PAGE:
the conversations but one way to prove to friends that I was OK was to take a picture of myself," she says. "That revealed something very important to my friends – one, that I was still functioning and, two, I was out doing stuff. An image can convey more than words"(Day). I know from experience that posting selfies on Instagram for example was a way to let my friends know that I was coping well, when my uncle passed away. I believe it was a way for friends and family to have a visual of how I was handling the situation because pictures say a thousand words. 6/10 agree that they use selfies to communicate with family and friends and show that they are doing okay. It's much more a kind of statement about 'where I've been and what I'm doing'," cultural studies expert Jon Stratton was quoted as saying.
Davis 4 Day also accurately claims that women are portraying themselves as models in pornography films by posing in a state of undress: “Because of porn culture, women have internalised that image of themselves. They self-objectify, which means they're actually doing to themselves what the male gaze does to them." Dines argues that although men can "gain visibility" in a variety of ways, for women the predominant way to get attention is "fuckability". And it is true that a lot of female selfie aficionados take their visual vernacular directly from pornography (unwittingly or otherwise): the pouting mouth, the pressed-together cleavage, the rumpled bedclothes in the background hinting at opportunity” (Day). I have seen people posting pictures like that and I agree that there is a great amount of negativity involved with posting pictures of that caliber; however, some women post pictures shirtless and even men, to demonstrate a much more important cause, like weight loss or showing off the body that they have and are proud of. 5/10 agree that they have taken photos shirtless, but to demonstrate progress in getting fit or weight loss. Not to send vulgar messages to the viewers of the photo. Day also suggests that selfies are a source of empowerment. Sarah J Gervais, an assistant professor of psychology, wrote that: "Instagram (and other social media) has allowed the public to reclaim photography as a source of empowerment… [it] offers a quiet resistance to the barrage of perfect images that we face each day. Rather than being bombarded with those creations… we can look through our Instagram feed and see images of real people – with beautiful diversity” (Day). When I take selfies I do feel empowered in a sense. I feel like I have control of how I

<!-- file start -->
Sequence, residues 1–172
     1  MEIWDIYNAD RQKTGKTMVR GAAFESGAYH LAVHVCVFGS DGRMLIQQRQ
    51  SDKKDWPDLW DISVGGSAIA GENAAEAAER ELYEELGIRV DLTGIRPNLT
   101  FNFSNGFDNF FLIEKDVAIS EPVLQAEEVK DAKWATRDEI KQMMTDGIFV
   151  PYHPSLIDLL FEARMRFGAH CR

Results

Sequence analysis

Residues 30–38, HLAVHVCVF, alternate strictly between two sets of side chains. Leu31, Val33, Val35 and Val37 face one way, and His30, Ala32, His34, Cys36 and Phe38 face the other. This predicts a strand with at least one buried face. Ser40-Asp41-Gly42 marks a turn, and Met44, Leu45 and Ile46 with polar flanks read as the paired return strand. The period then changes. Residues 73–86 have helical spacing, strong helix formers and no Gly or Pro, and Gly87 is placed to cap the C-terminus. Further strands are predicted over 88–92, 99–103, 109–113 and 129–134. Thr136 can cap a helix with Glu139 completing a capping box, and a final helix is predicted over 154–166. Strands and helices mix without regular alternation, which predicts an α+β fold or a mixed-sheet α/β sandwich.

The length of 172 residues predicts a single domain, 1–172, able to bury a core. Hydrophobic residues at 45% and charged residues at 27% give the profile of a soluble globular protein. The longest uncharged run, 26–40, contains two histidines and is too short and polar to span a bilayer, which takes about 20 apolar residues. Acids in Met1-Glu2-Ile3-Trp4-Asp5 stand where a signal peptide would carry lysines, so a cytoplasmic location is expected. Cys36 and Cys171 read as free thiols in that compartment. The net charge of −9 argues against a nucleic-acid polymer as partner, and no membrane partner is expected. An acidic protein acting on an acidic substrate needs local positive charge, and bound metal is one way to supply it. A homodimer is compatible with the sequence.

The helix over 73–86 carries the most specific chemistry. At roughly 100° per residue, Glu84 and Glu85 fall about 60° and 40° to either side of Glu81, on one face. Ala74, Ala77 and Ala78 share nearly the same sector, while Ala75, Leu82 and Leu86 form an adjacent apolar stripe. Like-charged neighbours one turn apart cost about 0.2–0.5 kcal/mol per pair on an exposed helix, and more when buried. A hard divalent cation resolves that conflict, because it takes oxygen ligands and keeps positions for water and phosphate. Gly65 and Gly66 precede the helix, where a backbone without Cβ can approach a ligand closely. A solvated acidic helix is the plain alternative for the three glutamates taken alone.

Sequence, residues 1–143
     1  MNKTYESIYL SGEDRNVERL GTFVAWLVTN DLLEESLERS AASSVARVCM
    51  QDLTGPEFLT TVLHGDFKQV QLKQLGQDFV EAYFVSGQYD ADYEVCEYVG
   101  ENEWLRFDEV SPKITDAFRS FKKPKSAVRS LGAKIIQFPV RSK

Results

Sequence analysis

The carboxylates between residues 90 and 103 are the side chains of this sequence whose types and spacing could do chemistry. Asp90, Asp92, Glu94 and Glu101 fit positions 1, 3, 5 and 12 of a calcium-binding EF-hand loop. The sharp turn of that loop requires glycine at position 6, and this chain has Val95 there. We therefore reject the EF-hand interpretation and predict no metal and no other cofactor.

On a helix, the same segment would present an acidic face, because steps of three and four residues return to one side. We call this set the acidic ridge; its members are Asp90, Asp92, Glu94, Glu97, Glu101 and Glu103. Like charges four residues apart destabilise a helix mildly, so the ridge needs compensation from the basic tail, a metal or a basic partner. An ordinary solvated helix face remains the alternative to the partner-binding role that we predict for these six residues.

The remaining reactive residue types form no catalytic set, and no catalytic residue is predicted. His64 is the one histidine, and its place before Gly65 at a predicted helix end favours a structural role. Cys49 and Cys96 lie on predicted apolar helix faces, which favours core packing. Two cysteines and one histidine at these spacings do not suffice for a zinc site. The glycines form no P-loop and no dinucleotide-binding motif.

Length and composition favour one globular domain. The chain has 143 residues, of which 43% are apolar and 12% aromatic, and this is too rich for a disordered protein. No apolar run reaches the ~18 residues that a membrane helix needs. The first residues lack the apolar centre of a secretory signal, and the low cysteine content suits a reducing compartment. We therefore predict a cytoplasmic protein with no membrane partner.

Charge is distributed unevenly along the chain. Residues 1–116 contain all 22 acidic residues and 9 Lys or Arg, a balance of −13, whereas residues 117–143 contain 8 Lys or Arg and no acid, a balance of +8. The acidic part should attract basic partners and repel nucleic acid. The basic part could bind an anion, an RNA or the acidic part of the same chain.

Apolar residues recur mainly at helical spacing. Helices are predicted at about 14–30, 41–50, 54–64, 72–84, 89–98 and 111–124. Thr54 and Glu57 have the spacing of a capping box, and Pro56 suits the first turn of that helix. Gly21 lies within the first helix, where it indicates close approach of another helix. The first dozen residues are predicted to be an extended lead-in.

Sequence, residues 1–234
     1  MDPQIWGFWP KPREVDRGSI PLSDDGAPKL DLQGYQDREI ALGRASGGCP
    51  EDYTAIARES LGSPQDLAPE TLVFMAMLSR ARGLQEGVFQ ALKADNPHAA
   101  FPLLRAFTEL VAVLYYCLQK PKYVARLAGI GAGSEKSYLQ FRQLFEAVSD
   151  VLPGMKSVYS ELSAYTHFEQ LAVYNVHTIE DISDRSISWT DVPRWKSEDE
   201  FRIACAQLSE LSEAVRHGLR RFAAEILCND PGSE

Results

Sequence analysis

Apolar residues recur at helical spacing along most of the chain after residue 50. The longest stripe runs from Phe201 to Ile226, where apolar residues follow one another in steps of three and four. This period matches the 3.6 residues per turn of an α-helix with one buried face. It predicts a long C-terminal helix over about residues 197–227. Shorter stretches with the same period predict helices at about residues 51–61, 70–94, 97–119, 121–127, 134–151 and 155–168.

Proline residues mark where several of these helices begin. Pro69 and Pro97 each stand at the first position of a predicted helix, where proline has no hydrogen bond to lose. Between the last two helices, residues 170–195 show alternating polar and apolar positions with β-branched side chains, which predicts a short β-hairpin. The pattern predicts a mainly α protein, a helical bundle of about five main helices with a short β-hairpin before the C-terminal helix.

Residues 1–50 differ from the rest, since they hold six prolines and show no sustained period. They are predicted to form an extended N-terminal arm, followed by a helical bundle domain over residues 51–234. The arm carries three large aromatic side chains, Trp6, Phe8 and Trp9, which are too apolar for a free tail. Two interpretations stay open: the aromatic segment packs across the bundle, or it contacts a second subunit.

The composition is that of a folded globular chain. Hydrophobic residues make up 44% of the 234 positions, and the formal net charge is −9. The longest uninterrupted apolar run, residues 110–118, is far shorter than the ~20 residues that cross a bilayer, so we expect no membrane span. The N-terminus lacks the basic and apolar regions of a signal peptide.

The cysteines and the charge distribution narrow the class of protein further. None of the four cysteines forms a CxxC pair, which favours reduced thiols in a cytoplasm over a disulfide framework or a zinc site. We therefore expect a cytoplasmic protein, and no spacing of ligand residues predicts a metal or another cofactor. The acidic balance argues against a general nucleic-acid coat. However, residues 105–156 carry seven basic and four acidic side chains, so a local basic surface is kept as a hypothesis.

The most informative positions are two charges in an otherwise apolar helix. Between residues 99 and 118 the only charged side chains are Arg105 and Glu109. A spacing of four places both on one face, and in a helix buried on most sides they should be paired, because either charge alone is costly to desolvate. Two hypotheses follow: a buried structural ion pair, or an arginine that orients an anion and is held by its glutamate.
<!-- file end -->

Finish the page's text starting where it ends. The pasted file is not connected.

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- Winter '15
- Aerosmith, selfies, Selfie